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Newham given £100million to build council homes

PUBLISHED: 16:15 23 October 2018 | UPDATED: 16:15 23 October 2018

Rokhsana Fiaz with her cabinet member for housing, John Gray, and Londons deputy mayor for housing, James Murray. Picture: Andrew Baker

Rokhsana Fiaz with her cabinet member for housing, John Gray, and Londons deputy mayor for housing, James Murray. Picture: Andrew Baker

Archant

Newham has been given more than £100 million to build more council homes - but this will help only a fraction of those on the borough’s waiting list.

As part of the Building Council Homes for Londoners scheme, London mayor Sadiq Khan announced today (Tuesday) he’d be distributing £1bn to 26 boroughs to build council homes.

The £107.4m going to Newham will allow the council to build 1,123 homes, and is the highest amount going to any single borough.

Sadiq Khan said: “London’s housing crisis is hugely complex and has been decades in the making. There is no simple fix, but council housing is the most important part of the solution.

“Londoners need more council homes that they can genuinely afford, and local authorities have a fundamental role to play.”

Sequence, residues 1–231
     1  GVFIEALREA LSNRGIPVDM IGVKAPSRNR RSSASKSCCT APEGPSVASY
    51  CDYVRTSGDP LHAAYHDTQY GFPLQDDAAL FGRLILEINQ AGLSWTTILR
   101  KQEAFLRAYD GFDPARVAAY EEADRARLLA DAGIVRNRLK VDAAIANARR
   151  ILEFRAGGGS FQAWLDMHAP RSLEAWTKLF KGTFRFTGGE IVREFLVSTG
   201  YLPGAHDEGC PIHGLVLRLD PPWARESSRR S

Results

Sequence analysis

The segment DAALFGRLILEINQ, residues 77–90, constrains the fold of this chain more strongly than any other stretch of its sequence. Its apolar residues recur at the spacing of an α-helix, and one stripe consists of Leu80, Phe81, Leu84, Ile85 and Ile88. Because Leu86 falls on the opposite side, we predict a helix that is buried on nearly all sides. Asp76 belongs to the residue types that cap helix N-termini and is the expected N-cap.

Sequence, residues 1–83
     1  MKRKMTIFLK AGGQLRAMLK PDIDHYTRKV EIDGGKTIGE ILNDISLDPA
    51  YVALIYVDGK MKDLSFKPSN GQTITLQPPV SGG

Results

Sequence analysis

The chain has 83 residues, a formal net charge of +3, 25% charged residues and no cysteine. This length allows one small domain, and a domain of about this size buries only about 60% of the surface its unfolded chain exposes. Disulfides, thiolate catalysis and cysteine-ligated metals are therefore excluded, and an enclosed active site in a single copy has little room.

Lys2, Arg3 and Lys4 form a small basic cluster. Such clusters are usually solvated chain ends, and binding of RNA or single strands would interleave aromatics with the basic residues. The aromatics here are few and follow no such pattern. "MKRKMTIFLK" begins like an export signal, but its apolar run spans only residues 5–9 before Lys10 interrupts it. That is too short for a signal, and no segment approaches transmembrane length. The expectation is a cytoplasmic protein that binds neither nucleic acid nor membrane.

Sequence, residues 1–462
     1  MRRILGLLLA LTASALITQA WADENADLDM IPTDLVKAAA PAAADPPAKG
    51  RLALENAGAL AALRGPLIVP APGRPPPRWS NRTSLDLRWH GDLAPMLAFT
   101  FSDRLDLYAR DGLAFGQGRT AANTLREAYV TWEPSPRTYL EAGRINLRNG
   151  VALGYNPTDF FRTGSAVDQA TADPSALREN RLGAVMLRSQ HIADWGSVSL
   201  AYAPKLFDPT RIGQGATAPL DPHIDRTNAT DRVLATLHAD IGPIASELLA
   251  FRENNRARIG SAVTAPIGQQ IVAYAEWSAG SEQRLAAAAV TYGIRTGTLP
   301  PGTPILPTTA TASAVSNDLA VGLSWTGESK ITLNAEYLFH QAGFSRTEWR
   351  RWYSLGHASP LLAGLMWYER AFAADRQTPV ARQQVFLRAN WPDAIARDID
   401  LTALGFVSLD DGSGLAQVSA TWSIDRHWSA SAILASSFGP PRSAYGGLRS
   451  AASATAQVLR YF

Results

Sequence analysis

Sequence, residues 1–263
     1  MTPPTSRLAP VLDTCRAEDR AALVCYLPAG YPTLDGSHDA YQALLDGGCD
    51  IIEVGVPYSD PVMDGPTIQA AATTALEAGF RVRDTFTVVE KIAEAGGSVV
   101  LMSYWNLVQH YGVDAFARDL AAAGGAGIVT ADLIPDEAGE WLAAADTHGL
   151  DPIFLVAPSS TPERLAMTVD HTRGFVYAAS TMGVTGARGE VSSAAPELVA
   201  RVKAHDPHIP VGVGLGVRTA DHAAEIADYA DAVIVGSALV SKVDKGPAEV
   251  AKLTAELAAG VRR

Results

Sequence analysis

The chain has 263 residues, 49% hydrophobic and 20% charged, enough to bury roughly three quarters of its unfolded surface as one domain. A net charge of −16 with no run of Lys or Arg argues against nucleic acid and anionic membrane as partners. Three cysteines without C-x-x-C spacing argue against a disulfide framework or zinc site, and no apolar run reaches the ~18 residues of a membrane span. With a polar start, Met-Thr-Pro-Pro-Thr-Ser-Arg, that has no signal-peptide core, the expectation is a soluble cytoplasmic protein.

Newham has more than 27,000 households on the waiting list for a council home, with a further 4,800 in temporary accommodation. This funding will kickstart the building of 1,000 homes at 40 sites across the borough, with work starting by 2022.

When she was elected in May, Newham’s mayor Rokhsana Fiaz committed to building 1,000 homes at social rent levels over the next four years.

She said: “Newham residents are at the forefront of the housing crisis. Too many families are desperately in need of a sustainable home they can genuinely afford.

“Only through a massive council housebuilding programme can we begin to address the scale of this challenge. I am excited about what this announcement means for Newham and to start work to build hundreds of desperately needed new homes.”

The news was also welcomed by the London Assembly member for City and East, Unmesh Desai, who accused previous governments of “sitting on their hands” when it comes to housebuilding.

He said: “With too many local families priced out of the housing market and stuck in temporary accommodation, it has always been of the utmost priority that we get to grips with the housing crisis as a matter of urgency.

“The government have sat on their hands when it comes to council homebuilding, which fell flat during the 1990s.

“However, we now have an opportunity with this funding to kickstart an ambitious new building programme and provide the next generation of homes for social rent that our community desperately needs.”